In Springfield, the ebullience and generosity of the Moffett clan pervaded the atmosphere, as we all gathered together in the backyard to witness the wedding of Sarah and Noah. A wonderful reception followed. Everyone–family, friends, young and old–pitched in. How else, one might ask, would it be possible to transform a large farm structure, on the family’s ranch property, into an elegant wedding ballroom, with delicious home-made food for all, where East met West, Red met Blue, and some–I am told–danced till three.

The Wedding of Sarah & Noah

The Wedding of Sarah & Noah

Back home, recovering from bronchitis (altitude + grasslands!), I sought to find out more about Springfield, Colorado, and its history as part of the Dust Bowl. Everyone recommended that I read The Worst Hard Times by Timothy Eagan. I am so glad I did! However, the book, which described how the people of the Plains not only helped to cause the great Dust Bowl, but also managed to survive it, haunts me still.  Now I understand, at a far greater depth, the long, lonely horizon that I saw on encountering Springfield. But I take hope knowing that the young people I met at the wedding are starting out with hopes anew, even as Sarah’s father, Joel, is working for the National Resources Conservation Service (established by President Roosevelt to deal with the crisis of the Thirties) to help restore and preserve the landscape’s future.  Perhaps there is hope for the Gulf as well.

Digging Out!

Oh NO! I can't believe it.

 Its me again, Sparky. Sorry for the interruption, but I need to reach out. It’s the snow. I have been going stir crazy. Even with their cars buried under three feet of snow, humans have many ways to reach out. They have landline and wireless telephones. They have computers, and email, and Facebook and twitter, not to mention TV sets and DVD players  And so I lament.   The only way that I can communicate with the outside world is to perch on my couch, straining my eyes as I try to peer out  the window, which these days is covered with snowflakes cast by the wind.

Early in the morning, the day of the first snow, I pushed my nose against my ‘doggie door.’ Nothing moved. So I pushed with my head. But again it wouldn’t budge. So I waited patiently until my Master came downstairs and tried his hand at opening the backdoor leading out to the deck. He pushed and pushed, but it gave way only a few inches. I could hardly believe my eyes. The snow, which was flush with the door frame, rose up about three feet, if not more. From my lowly perspective, all I could see was the sky!

How to hibernate. . . lorimoon.files.wordpress.com/ 2009/03/hibernat.

I suspect that this is what a bear experiences when he comes out of hibernation. Assessing the situation, he looks around, sees piles and piles of snow, and then returns inside. This is, of course, a reasonable strategy. But need I remind you, I am not a bear. Oh, I may be cuddly, and my fur is thick and silky black. But while a bear sleeps, I have work to do. For example, my job is to keep tabs on the local neighborhood, watching people go by, determining who is a friend or foe, and–of course–barking when I deem it appropriate. When on a walk, I also parole a much larger area, first checking the bushes and fire hydrants for pungent messages left by my friends and enemies, and then leaving my own mark to bound my territory. This signaling system can get quite complex, as my mistress would say. Of course, my favorite task is barking ferociously at the mailman until he drops his ‘loot,’ and I chase him away. Unfortunately, the postal service–not withstanding its motto: in all kinds of weather–failed us, as did the garbage men, during the Big Snow, or as President Obama said, “snowmaggedon.”.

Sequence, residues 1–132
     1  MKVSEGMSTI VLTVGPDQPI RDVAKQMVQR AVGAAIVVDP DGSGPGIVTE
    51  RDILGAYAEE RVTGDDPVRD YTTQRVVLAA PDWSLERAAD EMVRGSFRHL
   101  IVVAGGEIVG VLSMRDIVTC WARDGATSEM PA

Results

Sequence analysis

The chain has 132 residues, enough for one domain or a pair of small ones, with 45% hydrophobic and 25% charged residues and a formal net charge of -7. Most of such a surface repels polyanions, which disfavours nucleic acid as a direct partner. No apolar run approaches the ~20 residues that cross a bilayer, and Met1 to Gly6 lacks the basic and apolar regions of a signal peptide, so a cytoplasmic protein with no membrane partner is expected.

Our social life only recommenced with the shoveling of snow. Having overcome their awe at the situation, all of the neighbors, and of course their dogs, converged in our street to shovel the snow, and clear a path for cars and pedestrians alike. I finally got to engage with my friends Carla and Roxy, who live across the street. With the streets passable, we could take our walks again. But it wasn’t quite the same.

A new beginning

Walking through a narrow passage way, with the snow on the side piled many feet high, I could smell the dogs across the street–especially my nemesis, the chocolate poodle named Bosco–but I could not see him much less growl at him. But the more fundamental problem was: ‘how to do my duty,’ The snow was like quick sand; when I climbed up on top of it, I sank down almost above my shoulders, and when my mistress came to my rescue, she fell in too.

Notwithstanding all of the communication technology in our house, I have come to think my Mistress also found our imposed enclosure somewhat stressful. In particular, I think that she is missing her classes. While she often tells me to “stay, sit, and come”, she rarely lectures me about intellectual matters. These days, however, as she walks with me through the snow, she tells me about the ‘social capital,’ that is being developed as neighbors join together to shovel. Noting the people who don’t shovel their walks, but who shovel out their cars, she references Langdon Winner‘s account in the Whale and the Reactor of how the pedestrian and the auto driver perceive the world differently. As we slip and slide across the ice, she asks me what Langdon Winner might say about people who fail to shovel their sidewalks. And of course, as we meander in and out of the snowbanks, looking for a crossway, she talks about the importance of architecture and how the snow has restructured our interactions.

Yesterday, we saw the ground. Hope springs eternal, as they say.

Another Day of Reckoning

Day of Reckoning courtesy of Erik Kolstad

Day of Reckoning courtesy of Erik Kolstad